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Human-induced and natural carbon storage in floodplains of the Central Valley of California

Overview of attention for article published in Science of the Total Environment, February 2019
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  • Above-average Attention Score compared to outputs of the same age (64th percentile)
  • Above-average Attention Score compared to outputs of the same age and source (64th percentile)

Mentioned by

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5 tweeters

Citations

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12 Dimensions

Readers on

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36 Mendeley
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Title
Human-induced and natural carbon storage in floodplains of the Central Valley of California
Published in
Science of the Total Environment, February 2019
DOI 10.1016/j.scitotenv.2018.09.205
Pubmed ID
Authors

Kristin Steger, Peter Fiener, Mark Marvin-DiPasquale, Joshua H. Viers, David R. Smart

Abstract

Active floodplains can putatively store large amounts of organic carbon (SOC) in subsoils originating from catchment erosion processes with subsequent floodplain deposition. Our study focussed on the assessment of SOC pools associated with alluvial floodplain soils that are affected by human-induced changes in floodplain deposition and in situ SOC mineralisation due to land use change and drainage. We evaluated depth-dependent SOC contents based on 23 soil cores down to 3 m and 10 drillings down to 7 m in a floodplain area of the lower Cosumnes River. An estimate of 266 Mg C ha-1 or about 59% of the entire SOC stored within the 7 m profiles was found in the upper 2 m. Most profiles (n = 25) contained discrete buried A horizons at depths of approximately 0.8 m. These profiles had up to 130% higher SOC stocks. The mean δ13C of all deep soil profiles clearly indicated that arable land use has already altered the stable isotopic signature in the first meter of the profile. Radiocarbon dating showed that the 14C age in the buried horizon was younger than in overlaying soils indicating a substantial sedimentation phase for the overlaying soils. An additional analysis of total mercury contents in the soil profiles indicated that this sedimentation was associated with upstream hydraulic gold mining after the 1850s. In summary, deep alluvial soils in floodplains store large amounts of SOC not yet accounted for in global carbon models. Historic data give evidence that large amounts of sediment were transported into the floodplains of most rivers of the Central Valley and deposited over organically rich topsoil, which promoted the stabilization of SOC, and needs to be considered to improve our understanding of the human-induced interference with C cycling.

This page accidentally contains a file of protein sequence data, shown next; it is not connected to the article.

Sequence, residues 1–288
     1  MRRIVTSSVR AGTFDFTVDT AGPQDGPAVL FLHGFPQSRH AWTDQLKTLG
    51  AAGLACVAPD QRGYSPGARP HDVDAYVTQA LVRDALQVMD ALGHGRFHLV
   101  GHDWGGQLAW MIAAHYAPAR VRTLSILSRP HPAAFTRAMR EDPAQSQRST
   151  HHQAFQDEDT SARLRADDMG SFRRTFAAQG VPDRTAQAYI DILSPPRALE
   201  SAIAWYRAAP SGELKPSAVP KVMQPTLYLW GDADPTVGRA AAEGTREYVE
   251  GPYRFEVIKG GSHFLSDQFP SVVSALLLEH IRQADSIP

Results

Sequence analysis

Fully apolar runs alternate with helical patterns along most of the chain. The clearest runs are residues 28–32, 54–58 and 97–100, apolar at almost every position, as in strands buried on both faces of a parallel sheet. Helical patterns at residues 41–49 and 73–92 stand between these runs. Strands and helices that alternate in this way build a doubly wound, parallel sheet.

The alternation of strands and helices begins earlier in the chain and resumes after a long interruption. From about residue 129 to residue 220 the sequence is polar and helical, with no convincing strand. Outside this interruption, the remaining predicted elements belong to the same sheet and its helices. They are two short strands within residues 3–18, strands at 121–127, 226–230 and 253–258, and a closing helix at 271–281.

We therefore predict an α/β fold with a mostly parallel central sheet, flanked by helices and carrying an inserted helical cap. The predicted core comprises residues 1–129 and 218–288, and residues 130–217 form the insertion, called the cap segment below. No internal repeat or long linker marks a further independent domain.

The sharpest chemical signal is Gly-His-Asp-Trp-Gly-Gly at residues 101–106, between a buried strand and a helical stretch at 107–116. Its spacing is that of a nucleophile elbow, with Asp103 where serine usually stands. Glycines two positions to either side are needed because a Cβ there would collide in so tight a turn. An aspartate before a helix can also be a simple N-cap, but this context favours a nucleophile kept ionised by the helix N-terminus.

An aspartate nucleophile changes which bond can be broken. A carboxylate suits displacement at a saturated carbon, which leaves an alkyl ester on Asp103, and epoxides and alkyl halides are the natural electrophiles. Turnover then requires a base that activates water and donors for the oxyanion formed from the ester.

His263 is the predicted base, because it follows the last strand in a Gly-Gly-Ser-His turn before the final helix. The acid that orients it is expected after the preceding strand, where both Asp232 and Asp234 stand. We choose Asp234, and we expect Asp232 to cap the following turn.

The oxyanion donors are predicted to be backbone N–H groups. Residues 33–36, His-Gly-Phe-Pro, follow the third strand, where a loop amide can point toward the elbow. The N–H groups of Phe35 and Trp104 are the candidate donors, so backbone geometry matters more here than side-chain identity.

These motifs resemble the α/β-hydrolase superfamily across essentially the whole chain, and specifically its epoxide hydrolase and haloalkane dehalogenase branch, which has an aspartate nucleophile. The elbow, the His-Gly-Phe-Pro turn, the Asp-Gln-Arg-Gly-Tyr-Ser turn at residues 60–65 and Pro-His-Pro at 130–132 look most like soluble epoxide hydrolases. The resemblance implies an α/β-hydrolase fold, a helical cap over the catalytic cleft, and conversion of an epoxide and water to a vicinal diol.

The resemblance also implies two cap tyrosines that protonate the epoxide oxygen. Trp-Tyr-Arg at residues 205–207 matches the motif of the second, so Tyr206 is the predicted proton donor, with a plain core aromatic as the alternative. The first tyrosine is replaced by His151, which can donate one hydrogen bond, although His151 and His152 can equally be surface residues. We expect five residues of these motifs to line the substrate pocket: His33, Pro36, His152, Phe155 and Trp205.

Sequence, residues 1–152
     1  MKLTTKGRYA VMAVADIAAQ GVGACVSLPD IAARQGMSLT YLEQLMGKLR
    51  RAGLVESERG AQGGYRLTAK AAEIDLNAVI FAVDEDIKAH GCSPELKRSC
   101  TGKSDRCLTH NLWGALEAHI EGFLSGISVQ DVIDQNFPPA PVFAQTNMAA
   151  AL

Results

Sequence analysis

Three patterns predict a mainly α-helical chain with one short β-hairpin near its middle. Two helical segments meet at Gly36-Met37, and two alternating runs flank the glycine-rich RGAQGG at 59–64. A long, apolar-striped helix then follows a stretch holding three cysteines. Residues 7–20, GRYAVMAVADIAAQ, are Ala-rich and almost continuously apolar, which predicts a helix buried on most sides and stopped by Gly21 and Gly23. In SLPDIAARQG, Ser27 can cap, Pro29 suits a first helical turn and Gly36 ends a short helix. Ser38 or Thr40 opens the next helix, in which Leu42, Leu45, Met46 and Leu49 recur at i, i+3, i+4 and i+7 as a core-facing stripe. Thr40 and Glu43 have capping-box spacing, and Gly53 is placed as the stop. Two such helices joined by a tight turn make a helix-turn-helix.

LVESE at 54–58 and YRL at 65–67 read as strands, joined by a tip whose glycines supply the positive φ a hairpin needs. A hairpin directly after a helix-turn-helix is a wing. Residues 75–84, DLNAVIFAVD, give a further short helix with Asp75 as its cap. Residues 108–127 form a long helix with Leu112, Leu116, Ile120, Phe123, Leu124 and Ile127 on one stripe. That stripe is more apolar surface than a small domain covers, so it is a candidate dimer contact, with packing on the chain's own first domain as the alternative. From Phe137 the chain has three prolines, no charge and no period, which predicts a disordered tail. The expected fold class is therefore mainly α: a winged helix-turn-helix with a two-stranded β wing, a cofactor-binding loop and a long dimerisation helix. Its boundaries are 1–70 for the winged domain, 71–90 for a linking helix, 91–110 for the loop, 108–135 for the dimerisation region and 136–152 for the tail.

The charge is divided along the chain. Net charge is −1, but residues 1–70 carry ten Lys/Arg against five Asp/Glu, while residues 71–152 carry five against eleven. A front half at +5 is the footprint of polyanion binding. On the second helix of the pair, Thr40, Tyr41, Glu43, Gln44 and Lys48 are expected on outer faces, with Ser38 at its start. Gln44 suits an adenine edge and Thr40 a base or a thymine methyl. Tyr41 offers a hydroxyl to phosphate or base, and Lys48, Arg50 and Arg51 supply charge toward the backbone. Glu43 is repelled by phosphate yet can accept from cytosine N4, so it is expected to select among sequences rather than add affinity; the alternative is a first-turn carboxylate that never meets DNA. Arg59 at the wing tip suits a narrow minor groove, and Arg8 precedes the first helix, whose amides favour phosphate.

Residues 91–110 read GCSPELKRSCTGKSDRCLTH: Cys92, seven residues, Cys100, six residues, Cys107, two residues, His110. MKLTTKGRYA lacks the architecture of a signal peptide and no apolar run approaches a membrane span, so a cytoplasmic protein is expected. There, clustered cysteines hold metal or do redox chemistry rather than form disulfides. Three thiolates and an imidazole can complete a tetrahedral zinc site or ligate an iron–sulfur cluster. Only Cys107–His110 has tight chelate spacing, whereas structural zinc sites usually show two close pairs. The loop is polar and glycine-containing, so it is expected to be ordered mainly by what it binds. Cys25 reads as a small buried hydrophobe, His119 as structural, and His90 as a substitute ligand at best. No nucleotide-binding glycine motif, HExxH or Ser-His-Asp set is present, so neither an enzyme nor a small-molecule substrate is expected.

Twitter Demographics

The data shown below were collected from the profiles of 5 tweeters who shared this research output. Click here to find out more about how the information was compiled.

Mendeley readers

The data shown below were compiled from readership statistics for 36 Mendeley readers of this research output. Click here to see the associated Mendeley record.

Geographical breakdown

Country Count As %
Unknown 36 100%

Demographic breakdown

Readers by professional status Count As %
Student > Ph. D. Student 8 22%
Researcher 7 19%
Student > Master 7 19%
Student > Bachelor 2 6%
Professor 1 3%
Other 4 11%
Unknown 7 19%
Readers by discipline Count As %
Earth and Planetary Sciences 8 22%
Environmental Science 8 22%
Engineering 3 8%
Social Sciences 2 6%
Agricultural and Biological Sciences 2 6%
Other 4 11%
Unknown 9 25%

Attention Score in Context

This research output has an Altmetric Attention Score of 4. This is our high-level measure of the quality and quantity of online attention that it has received. This Attention Score, as well as the ranking and number of research outputs shown below, was calculated when the research output was last mentioned on 26 May 2021.
All research outputs
#5,317,417
of 18,034,577 outputs
Outputs from Science of the Total Environment
#5,797
of 18,037 outputs
Outputs of similar age
#101,173
of 287,127 outputs
Outputs of similar age from Science of the Total Environment
#188
of 523 outputs
Altmetric has tracked 18,034,577 research outputs across all sources so far. This one has received more attention than most of these and is in the 70th percentile.
So far Altmetric has tracked 18,037 research outputs from this source. They typically receive more attention than average, with a mean Attention Score of 8.3. This one has gotten more attention than average, scoring higher than 67% of its peers.
Older research outputs will score higher simply because they've had more time to accumulate mentions. To account for age we can compare this Altmetric Attention Score to the 287,127 tracked outputs that were published within six weeks on either side of this one in any source. This one has gotten more attention than average, scoring higher than 64% of its contemporaries.
We're also able to compare this research output to 523 others from the same source and published within six weeks on either side of this one. This one has gotten more attention than average, scoring higher than 64% of its contemporaries.